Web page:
Orthoparaxody represents a conversational theological method that seeks to graciously embrace difference while bringing the fullness of a differentiated social-self to the other. Through the methodology of orthoparadoxy, competing ideas, practices, and hermeneutics are seen as an invitation to conversational engagement rather than as something to refute, reform, or revise.”9

“Current theological methods that often stress agreement/disagreement, win/loss, good/bad, orthodox/heresy, and the like set people up for constant battles to convince and convert the other to their way of believing.”10

“Orthoparadox theology is less concerned with creating “once for all” doctrinal statements or dogmatic claims and is more interested in holding competing truth claims in right tension..Orthoparadox theology requires a dynamic understanding of the Holy Spirit.”11

“[S]ee conversation starters where you once saw theological disagreement.”12

This is how we must approach the Bible, according to Brian McLaren:

“Drop any affair you may have with Certainty, Proof, Argument.The ultimate Bible study or sermon in recent decades yielded clarity. That clarity, unfortunately, was often boring – and probably not that accurate, either, since reality is seldom clear, but usually fizzy and mysterious.”13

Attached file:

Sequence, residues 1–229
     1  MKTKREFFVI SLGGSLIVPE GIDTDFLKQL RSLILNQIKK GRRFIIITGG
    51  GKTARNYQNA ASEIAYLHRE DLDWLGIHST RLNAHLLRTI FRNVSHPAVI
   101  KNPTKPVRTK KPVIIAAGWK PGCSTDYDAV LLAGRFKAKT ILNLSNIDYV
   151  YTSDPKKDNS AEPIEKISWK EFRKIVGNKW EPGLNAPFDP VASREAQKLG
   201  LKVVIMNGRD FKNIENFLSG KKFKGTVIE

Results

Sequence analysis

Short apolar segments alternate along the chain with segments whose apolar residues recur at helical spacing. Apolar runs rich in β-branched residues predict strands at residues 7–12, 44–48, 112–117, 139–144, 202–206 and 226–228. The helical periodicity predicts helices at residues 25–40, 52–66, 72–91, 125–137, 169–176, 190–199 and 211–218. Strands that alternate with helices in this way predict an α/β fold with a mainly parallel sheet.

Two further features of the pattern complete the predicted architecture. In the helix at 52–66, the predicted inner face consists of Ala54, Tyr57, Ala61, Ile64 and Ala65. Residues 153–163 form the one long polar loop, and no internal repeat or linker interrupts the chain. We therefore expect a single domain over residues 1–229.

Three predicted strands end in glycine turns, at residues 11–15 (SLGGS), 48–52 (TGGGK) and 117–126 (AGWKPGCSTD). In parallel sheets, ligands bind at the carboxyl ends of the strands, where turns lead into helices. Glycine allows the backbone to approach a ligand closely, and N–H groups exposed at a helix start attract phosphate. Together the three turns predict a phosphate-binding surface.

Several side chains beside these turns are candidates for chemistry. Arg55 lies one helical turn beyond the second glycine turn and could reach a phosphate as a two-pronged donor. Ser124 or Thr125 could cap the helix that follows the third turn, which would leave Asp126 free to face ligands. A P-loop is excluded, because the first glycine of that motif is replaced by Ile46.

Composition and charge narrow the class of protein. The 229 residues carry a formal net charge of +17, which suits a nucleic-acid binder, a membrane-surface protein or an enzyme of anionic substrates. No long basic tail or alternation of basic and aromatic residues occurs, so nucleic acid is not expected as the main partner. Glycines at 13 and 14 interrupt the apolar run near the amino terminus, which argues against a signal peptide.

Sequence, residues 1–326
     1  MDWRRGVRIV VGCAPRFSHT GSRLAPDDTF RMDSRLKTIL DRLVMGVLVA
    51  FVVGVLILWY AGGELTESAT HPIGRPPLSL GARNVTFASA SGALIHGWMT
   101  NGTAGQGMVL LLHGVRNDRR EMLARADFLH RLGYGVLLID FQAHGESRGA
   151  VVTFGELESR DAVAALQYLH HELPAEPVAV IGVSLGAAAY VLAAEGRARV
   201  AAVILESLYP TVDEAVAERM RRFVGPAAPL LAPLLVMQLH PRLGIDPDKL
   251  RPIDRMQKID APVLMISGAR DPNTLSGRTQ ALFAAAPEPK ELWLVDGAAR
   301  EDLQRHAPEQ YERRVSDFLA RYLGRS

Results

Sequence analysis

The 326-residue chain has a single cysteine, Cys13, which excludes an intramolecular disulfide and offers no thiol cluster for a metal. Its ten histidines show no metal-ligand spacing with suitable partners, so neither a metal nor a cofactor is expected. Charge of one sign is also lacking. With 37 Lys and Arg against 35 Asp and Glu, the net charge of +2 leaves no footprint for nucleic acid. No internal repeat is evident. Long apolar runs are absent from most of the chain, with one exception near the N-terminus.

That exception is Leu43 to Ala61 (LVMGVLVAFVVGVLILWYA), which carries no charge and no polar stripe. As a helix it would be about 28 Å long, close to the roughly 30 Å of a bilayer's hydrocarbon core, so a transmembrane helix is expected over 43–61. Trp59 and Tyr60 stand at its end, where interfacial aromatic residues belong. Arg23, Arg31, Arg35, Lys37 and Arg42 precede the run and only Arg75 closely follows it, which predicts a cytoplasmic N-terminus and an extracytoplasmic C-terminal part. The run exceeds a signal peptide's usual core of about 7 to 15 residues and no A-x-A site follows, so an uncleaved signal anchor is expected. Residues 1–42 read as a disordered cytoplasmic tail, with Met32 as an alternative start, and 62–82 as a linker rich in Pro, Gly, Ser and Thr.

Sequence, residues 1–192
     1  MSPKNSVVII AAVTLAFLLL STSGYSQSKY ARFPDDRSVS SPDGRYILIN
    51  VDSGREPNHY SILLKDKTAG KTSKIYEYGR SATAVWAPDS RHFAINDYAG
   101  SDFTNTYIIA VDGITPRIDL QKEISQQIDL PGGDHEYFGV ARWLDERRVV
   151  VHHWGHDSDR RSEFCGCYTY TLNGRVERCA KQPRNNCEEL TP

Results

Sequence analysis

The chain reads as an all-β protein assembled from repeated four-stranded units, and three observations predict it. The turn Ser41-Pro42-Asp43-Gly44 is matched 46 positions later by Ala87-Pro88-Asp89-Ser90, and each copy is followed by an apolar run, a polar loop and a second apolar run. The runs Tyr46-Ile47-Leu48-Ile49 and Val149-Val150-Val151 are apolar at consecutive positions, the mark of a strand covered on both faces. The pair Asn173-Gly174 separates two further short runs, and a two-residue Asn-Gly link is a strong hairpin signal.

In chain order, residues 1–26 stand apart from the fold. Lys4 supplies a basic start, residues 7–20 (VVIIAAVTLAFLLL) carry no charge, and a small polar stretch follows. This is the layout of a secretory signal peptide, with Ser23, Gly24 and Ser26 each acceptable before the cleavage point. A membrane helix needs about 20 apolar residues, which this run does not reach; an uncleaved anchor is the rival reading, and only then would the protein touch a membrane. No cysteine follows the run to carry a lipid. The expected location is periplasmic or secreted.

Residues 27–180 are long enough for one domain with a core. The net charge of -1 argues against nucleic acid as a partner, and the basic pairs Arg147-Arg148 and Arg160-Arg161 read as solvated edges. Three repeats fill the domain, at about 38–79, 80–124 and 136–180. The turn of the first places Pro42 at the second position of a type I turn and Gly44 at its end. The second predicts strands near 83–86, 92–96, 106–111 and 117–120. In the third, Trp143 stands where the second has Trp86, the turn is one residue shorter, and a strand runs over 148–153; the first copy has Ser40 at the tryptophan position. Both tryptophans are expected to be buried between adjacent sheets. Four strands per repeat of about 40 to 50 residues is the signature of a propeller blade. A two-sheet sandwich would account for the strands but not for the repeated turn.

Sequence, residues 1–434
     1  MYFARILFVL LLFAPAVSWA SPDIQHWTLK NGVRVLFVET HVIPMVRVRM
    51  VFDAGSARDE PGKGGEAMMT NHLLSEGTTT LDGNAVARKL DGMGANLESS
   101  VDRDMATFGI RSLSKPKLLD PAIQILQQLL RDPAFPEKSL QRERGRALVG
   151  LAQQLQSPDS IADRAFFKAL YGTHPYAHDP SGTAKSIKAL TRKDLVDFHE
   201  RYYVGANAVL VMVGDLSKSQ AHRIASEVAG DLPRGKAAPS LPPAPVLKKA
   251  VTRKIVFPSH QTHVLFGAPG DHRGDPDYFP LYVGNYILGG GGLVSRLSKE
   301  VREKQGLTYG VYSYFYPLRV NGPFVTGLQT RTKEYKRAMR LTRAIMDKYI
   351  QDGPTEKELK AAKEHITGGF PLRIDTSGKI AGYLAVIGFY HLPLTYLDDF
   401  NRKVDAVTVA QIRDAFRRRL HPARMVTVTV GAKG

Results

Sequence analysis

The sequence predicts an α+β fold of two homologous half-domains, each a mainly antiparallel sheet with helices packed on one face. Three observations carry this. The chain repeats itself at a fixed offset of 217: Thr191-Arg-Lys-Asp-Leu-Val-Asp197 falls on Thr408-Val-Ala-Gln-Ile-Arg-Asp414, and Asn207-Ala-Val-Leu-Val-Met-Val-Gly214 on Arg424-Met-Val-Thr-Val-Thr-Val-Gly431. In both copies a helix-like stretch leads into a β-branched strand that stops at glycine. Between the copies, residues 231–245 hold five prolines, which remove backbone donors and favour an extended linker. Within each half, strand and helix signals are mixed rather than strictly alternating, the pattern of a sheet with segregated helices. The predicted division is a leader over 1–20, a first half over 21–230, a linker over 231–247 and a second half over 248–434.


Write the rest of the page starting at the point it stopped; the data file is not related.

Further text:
“Find things to do with the Bible other than read and study it” [and McLaren suggests several that are forms of medieval, mystical meditation commended by the Roman Catholic church].14

“In the recent past we generally began our apologetic by arguing for the Bible’s authority, then used the Bible to prove our other points. In the future we’ll present the Bible less like evidence in a court case and more like works of art in an art gallery.”15

“In the recent past we talked a lot about absolute truth, attempting to prove abstract propositions about God (for instance, proving the sovereignty of God).” [That, McLaren asserts, is passé in the postmodern world.]16

Protestants Have the Bible All Wrong

According to McLaren, Protestants have gotten it all wrong about the Bible, using propositional truth, right and wrong, to “lay low” their Catholic “brethren” –

“Protestants have paid more attention to the Bible than any other group, but sadly, much of their Bible study has been undertaken to fuel their efforts to prove themselves right and others wrong (and therefore worthy of protest). the Bible does not yield its best resources to people who approach it seeking ammunition with which to lay their [Catholic] brethren low. How many Protestants can’t pick up their Bibles without hearing arguments play in their heads on every page, echoes of the polemical preachers they have heard since childhood? How much Bible study is, therefore, an adventure in missing the point?”17

Warmed-Over Neo-Orthodoxy